The Gothenburg Greats, Aberdeen FC’s most successful and storied team, are to be awarded the freedom of the city.
The honour will be presented next May – 40 years after they felled footballing giants Real Madrid and claimed the European Cup Winners’ Cup.
Alex Ferguson’s men went on to win the Super Cup seven months later, and the Dons remain the only Scottish club to have captured two European trophies.
A weekend of celebrations to mark the anniversary will surround the presentation of the top civic honour, lasting from May 12 to 14.
And as a sign of the esteem in which Aberdeen FC is held by city residents, councillors have agreed to also give the freedom of the city to the club itself.
It will be the first time it has been awarded in more than five years, and only the fifth presentation since 2000.
End of council clash over freedom of city
Aberdeen City Council voted to honour the Gothenburg Greats and their club during a meeting earlier today.
The decision came after months of bickering over who deserved the freedom most.
For a period last year, it looked likely to be awarded to NHS Grampian out of gratitude for the hard work of staff during the Covid pandemic.
That effort was spearheaded by Liberal Democrat leader Ian Yuill, now the co-leader of the council, and supported by the SNP.
However, that campaign had been quiet for a while by the time the Conservatives announced a plan to give the freedom of the city to Aberdeen FC on the 120th anniversary of the club’s creation.
It soon emerged the SNP – the largest party in the administration following May’s election – had independently decided it should go to the Gothenburg Greats.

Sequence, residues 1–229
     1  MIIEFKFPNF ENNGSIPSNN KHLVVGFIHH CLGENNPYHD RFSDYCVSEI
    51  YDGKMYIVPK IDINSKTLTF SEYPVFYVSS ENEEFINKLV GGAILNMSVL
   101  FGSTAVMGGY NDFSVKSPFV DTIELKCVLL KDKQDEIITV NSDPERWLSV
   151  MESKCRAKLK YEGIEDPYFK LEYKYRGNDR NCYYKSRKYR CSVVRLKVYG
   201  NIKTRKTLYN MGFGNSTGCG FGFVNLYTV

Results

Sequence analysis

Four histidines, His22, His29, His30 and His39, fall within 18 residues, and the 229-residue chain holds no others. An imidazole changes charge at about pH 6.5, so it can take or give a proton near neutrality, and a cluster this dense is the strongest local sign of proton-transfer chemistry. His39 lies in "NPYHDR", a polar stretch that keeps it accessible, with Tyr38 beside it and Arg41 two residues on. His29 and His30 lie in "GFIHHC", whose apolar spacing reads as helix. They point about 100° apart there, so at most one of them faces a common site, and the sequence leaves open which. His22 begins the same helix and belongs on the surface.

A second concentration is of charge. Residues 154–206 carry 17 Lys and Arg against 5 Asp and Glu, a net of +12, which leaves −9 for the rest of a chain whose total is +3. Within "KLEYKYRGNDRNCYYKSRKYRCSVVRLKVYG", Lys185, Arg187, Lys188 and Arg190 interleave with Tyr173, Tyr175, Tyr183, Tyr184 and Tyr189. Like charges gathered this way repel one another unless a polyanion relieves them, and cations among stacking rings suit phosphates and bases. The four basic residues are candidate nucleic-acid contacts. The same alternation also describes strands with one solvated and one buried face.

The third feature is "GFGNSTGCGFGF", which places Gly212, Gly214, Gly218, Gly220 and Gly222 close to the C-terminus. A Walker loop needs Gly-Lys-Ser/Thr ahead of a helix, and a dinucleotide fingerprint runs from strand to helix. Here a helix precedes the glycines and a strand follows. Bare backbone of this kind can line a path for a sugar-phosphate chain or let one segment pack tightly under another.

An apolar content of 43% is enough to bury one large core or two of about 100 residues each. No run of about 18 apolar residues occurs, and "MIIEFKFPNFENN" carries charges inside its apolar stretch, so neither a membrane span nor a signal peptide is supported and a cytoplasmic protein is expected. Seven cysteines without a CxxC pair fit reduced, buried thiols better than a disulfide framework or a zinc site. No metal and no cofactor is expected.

Who will be honoured in weekend dedicated to Dons?
In the decades following the 1983 victory, two of the Gothenburg Greats went on to manage the Scotland national team.
A further two – goalkeeper Jim Leighton and club legend Willie Miller – later received MBEs for services to football.
All but one of the relatively young squad are still alive. Midfielder Neale Cooper died aged 54 in 2018, with a memorial event at Pittodrie drawing a large crowd.
Sir Alex Ferguson, the legendary manager of the Gothenburg Greats, was awarded the freedom of Aberdeen in 1999.
Dons chairman Dave Cormack said: “We initially approached the council about recognising the phenomenal achievements of the players who brought European glory to the club in the 40th anniversary of their most memorable victory in Gothenburg.
“We did not expect the whole club to receive the freedom of the city but are obviously honoured.
“We will look forward to celebrating this accolade with all those who have contributed to the club’s success over the years including our incredible supporters.
“However, the focus of the weekend of May 11 next year will very much centre on the celebration of our Gothenburg Greats.”
Club clash set aside… For now
Meanwhile, the club has been honoured for its massive contribution to city culture since it was founded in 1903.
Relations between the club and the council administration have frayed in recent weeks, amid a disagreement over funding for a potential new stadium at the beach.
Mr Cormack said councillors were “missing the point” of the project and its potential benefits to the city.
But co-leader Ian Yuill declared to the P&J: “We are not in the business of funding football stadiums.”
Any underlying animosity was set aside for a few minutes at the meeting, though, as members paid tribute to the impact of the club on them and the city.